Saturday

A church trail in London from St Paul's to Southwark Cathedral with spectacular views of the Shard along route

One of the things I love most about London is the architecture, in particular, the magnificence and beauty of St Paul's stuns me every time. Right beside Sir Christopher Wren's masterpiece are remains of other churches embellishing the skyline with intriguing reminders of London's past.

St Paul's Cathedral, London photo by Modern Bric a Brac


This is where the trail begins. Start at the northern end of St Paul's at Christchurch Greyfriars. Now only a tower remains but formerly this church held a very prestigious role and was chosen as the resting place of three medieval Queens.

Marguerite of France, second wife to King Edward I; Isabella, widow of Edward II andit was also where the heart of Eleanor of Provence, wife of Henry III was buried.

After the dissolution of the monasteries in the reign of Henry VIII it became a parish church and then was destroyed during the Great Fire of London in 1666.

Although rebuilt by Sir Christopher Wren it was again destroyed this time by bombing almost three hundred years later during the Second World War and now forms part of a public garden, a fitting resting place for the three Queens.


Christchurch, Greyfriars, near St Paul's Cathedral, London photo by Modern Bric a Brac




Christchurch, Greyfriars

From there head down Rose Street to St Paul's Cathedral, a landmark that has overlooked the city of London in its various guises since 604 AD.  The current building designed by Sir Christopher Wren was built between 1675 - 1710, after becoming another victim of the Great Fire of London.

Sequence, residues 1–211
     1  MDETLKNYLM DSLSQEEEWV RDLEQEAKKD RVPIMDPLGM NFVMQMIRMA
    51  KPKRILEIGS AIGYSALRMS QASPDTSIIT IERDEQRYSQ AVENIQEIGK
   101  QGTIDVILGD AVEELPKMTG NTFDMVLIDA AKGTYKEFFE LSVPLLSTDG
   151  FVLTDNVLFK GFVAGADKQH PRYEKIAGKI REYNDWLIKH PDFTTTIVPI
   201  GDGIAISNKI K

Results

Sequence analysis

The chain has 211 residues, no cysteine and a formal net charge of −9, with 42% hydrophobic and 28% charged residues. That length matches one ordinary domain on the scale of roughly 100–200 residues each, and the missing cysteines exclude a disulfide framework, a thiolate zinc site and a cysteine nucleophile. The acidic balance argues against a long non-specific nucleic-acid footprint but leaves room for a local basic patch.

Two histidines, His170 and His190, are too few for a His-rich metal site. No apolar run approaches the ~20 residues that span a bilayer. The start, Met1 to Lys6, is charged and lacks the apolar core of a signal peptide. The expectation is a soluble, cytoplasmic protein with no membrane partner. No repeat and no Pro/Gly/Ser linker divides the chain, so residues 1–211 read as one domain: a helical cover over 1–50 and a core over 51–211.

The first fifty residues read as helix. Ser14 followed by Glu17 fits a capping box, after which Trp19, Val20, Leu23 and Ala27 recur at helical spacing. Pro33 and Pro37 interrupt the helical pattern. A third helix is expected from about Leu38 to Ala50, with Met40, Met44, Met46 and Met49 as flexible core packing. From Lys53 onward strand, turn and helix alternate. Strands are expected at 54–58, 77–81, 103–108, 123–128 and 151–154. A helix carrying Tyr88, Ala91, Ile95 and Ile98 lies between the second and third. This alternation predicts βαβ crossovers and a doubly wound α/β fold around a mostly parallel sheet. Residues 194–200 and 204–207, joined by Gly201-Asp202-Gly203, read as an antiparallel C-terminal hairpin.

Inside are countless treasures including a moving sculpture called Mother and Child by Henry Moore and the funeral effigy of John Donne.  Climb the dome to the Whispering Gallery, known because a whisper against its walls can be heard on the opposite side 100 feet away. Or descend into the crypt where Sir Christopher Wren is buried alongside Admiral Lord Nelson and the Duke of Wellington.

St Paul's Cathedral, London photo by Modern Bric a Brac


St Augustine, Watling Street
Outside St Paul's in close proximity is yet another Fire and Blitz casualty, St Augustine of Watling Street.  Again only the tower remains and now forms part of St Paul's Choir School.  There is a lovely story about a cat the church adopted around the time of World War II. Named Faith, the cat became quite well known after the air raid which destroyed St Augustine's in 1941.  Days before the bombing she was seen moving her kitten, Panda, to a basement area.  Despite being brought back several times, Faith insisted on returning Panda to her refuge.  On the morning after the air raid the rector searched through the dangerous ruins for the missing animals and eventually found Faith, surrounded by smouldering rubble and debris but still guarding the kitten in the spot she had selected three days earlier.  The story of her premonition and rescue eventually reached Maria Dickin, founder of the People's Dispensary for Sick Animals, and for her courage and devotion Faith was awarded a specially-made silver medal.  Her death in 1948 was reported on four continents.